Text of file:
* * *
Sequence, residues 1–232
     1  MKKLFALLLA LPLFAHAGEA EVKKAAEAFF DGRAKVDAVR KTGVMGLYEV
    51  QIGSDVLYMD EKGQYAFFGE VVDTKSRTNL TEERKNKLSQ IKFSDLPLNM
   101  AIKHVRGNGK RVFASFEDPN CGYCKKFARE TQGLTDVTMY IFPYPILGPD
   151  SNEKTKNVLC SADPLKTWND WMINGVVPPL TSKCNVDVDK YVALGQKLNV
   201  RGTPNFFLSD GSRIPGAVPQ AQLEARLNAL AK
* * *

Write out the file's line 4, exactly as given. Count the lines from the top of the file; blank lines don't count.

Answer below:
   101  AIKHVRGNGK RVFASFEDPN CGYCKKFARE TQGLTDVTMY IFPYPILGPD